An Ode to Provenance – On the occasion of Mom’s 80th birthday

imageHappy birthday Mom and Dad.

My Mom (1935) and Dad (1929) were born on the same date, six years apart.   Shortly after moving into their Tennessee home in 1964, Dad dug a small oak seedling up from somewhere on the property and planted it in the new construction debris that made up our front yard (Despite the impoverished site, it became a majestic tree; until a truck rumbled through a few years ago and cut it in half lengthwise to keep it out of the power lines. But hope springs eternal — as we shall see). Upon Dad’s passing in 2000, Mom put a small plaque on the tree and sprinkled his ashes around. Apart from beauty and shade the tree was now . . . important. With this newly christened treasure, I set about to preserve it for all time.

So how does one immortalize an oak tree? Why, collect the acorns, of course. Plant ’em. Help ’em grow.

So I did. The result is three young trees in Ankeny, IA , the largest of which is a strapping thirty-foot teenager. Despite its Tennessee provenance it has thrived through Iowa’s extreme winters with no trouble at all. Dad would be proud.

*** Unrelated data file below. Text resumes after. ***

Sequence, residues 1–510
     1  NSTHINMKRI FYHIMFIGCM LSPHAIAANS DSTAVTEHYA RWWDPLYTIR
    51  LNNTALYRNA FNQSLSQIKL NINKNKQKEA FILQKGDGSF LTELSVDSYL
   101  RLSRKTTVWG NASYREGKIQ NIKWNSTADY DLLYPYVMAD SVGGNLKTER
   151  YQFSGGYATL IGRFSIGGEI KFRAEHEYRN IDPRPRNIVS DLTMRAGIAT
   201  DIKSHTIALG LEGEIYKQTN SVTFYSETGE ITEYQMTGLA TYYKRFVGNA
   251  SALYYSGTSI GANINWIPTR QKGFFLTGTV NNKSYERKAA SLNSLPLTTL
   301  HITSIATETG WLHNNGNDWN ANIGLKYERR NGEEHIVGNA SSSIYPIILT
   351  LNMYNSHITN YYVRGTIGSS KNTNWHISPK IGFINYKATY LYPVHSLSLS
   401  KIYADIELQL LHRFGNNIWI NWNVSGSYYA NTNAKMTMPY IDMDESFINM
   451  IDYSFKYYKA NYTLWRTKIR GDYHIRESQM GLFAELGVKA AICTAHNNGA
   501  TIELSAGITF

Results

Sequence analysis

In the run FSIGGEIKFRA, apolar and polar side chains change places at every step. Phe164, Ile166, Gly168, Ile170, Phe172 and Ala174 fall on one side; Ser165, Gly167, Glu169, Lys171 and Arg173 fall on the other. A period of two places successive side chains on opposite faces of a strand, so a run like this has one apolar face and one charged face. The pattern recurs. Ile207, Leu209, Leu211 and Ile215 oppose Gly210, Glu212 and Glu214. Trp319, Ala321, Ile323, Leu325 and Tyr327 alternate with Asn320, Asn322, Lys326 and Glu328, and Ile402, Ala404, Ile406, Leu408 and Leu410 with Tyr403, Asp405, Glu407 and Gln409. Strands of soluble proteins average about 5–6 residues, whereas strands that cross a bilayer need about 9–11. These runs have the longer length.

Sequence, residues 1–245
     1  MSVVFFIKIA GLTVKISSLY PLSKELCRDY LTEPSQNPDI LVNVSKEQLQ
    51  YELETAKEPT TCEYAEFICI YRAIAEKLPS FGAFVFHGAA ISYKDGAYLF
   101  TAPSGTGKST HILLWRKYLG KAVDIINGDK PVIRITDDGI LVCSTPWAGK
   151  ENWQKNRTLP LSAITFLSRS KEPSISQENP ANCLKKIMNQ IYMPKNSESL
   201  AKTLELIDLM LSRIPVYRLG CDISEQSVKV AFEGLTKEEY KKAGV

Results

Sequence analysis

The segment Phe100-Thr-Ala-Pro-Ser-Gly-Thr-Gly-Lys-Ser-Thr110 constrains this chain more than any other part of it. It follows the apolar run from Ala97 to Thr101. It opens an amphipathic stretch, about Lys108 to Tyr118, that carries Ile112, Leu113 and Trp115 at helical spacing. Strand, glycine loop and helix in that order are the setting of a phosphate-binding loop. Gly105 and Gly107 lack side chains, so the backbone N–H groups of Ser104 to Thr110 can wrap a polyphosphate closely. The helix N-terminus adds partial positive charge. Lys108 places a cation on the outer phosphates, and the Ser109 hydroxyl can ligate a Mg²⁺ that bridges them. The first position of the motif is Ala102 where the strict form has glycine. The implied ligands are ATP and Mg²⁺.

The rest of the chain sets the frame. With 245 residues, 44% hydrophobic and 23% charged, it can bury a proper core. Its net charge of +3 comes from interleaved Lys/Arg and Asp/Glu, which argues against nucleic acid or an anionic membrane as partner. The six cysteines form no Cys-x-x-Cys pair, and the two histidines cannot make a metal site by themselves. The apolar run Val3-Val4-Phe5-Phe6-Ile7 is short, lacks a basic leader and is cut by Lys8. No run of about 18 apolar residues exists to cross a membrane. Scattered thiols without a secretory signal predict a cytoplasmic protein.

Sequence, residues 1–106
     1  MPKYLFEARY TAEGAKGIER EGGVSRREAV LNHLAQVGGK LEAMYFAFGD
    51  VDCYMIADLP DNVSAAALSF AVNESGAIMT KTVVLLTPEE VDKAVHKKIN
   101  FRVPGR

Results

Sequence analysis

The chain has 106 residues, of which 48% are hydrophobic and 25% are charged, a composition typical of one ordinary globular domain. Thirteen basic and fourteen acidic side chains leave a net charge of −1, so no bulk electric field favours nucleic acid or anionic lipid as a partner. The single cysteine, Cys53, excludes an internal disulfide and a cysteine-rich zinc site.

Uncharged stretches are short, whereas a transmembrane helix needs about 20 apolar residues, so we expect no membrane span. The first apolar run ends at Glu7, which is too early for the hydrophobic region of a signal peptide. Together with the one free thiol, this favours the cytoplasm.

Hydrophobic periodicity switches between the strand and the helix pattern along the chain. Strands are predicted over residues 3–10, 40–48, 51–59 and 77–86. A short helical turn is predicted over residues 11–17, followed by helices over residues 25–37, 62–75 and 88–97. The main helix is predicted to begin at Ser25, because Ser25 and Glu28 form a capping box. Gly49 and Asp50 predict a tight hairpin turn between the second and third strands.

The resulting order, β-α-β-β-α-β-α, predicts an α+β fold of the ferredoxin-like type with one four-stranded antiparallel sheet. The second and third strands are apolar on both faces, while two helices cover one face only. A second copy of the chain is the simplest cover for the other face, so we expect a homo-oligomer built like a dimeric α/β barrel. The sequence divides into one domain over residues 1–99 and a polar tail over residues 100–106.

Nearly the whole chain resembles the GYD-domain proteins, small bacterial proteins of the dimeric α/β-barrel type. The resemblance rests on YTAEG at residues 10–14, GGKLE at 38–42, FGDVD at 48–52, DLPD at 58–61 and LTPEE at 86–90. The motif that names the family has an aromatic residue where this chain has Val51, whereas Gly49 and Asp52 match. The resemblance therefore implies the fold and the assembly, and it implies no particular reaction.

As we proceed further into a changing climate, these offspring oaks, in Iowa ground and of Tennessee provenance, may have more to give. Iowa may become progressively more like Tennessee (map). Some plant species adapted to Iowa’s past and current climate will struggle or fade away. Indeed, the very notion of “native” species will be turned on its head: what does “native” mean when the “native” environment is repeatedly swept away on timescales of a single human lifespan? The assumptions that “native” plants and plant communities are tougher and better become more uncertain.